Once the musk wafted off into the night, Tomboyfriend took the stage, dressed in fall foliage. Actual foliage.

The Thursday Confidential is full of surprises.

If there’s room in your calendar for a free night out with us, please swing by the Gladstone on July 21st. But in case you’re wondering, we’re not looking for a drummer.


Here is a taste of Lisa Bozikovic:

And here is the facebook invite:

Betty Burke EPs available at Soundscapes & Open Roof Fest tickets available online

with 2 comments

Just a quick note to let you know that the Betty Burke EP “Dirty Mouth of the St Lawrence River” (Blocks Recording Club) with zine is now available at Soundscapes, 572 College Street, Toronto.

And tickets for tomorrow’s Open Roof Festival show with the film “Trigger” are still available online! UPDATE: It was a great night- thanks to the organizers and everyone who shared it with us!

Thanks and xo

Ticket Giveaway for Open Roof Fest screening of Trigger, with Betty Burke!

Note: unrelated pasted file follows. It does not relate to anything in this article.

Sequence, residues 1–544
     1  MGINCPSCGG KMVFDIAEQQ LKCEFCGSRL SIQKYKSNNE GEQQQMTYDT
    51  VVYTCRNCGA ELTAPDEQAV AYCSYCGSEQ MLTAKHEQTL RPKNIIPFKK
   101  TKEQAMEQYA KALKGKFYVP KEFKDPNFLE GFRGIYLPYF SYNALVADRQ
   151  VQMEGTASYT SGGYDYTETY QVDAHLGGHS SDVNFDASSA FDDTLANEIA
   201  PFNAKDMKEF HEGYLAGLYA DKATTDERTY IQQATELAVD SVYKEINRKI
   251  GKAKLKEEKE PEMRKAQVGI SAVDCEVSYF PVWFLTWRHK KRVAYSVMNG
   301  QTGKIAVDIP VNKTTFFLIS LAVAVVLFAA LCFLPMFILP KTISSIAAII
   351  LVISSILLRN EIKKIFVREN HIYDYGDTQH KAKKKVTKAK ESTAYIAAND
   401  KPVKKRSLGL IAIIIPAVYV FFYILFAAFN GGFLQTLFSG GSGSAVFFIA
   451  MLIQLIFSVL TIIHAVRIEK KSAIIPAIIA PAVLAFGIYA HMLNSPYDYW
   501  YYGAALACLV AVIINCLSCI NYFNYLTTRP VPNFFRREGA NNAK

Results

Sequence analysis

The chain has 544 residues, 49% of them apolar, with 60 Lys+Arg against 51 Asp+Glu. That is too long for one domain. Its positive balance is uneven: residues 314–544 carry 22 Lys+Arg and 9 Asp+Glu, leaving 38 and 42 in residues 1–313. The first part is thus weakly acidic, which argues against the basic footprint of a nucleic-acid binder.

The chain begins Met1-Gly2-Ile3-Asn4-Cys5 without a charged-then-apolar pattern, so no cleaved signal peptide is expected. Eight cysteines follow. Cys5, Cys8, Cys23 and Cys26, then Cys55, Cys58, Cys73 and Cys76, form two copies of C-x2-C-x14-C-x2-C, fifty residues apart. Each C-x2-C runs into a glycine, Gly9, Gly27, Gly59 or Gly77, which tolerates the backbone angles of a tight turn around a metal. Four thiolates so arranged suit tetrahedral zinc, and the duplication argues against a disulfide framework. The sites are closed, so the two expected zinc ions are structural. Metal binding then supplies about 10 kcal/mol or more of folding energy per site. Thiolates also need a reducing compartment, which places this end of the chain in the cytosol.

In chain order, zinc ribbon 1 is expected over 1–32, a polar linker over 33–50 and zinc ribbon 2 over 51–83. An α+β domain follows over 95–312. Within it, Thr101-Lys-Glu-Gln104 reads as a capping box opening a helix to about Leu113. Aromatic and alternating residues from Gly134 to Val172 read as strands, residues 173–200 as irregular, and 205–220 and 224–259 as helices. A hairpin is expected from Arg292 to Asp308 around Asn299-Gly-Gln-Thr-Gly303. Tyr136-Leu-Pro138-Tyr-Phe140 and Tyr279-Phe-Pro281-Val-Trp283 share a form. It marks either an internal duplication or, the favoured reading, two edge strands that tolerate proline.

leave a comment »

We are giving away two tickets for Thursday’s Open Roof Festival screening of Trigger, with yours truly as live musical openers. To win a ticket, visit our facebook page and answer one of the two quiz questions.

If you are first to answer, you will win a ticket!


Written by bettyburkeband

July 5, 2011 at 10:01 pm

Thursday: Open Roof Festival presents the movie “Trigger” with Betty Burke!

leave a comment »

As a fan of Bruce McDonald and the late Tracy Wright, I’m delighted to announce that we’ll be playing as the opening act at a screening of their recent film “Trigger” on Thursday, July 7th. The event is part of the Open Roof Festival, a weekly series that brings together a band and a feature film for a night of fun in the parking lot of the Amsterdam Brewery in Toronto. Open Roof festival’s programmers have taken care to select great bands, many of them local, and a number of Canadian movies that deserve to be screened more often!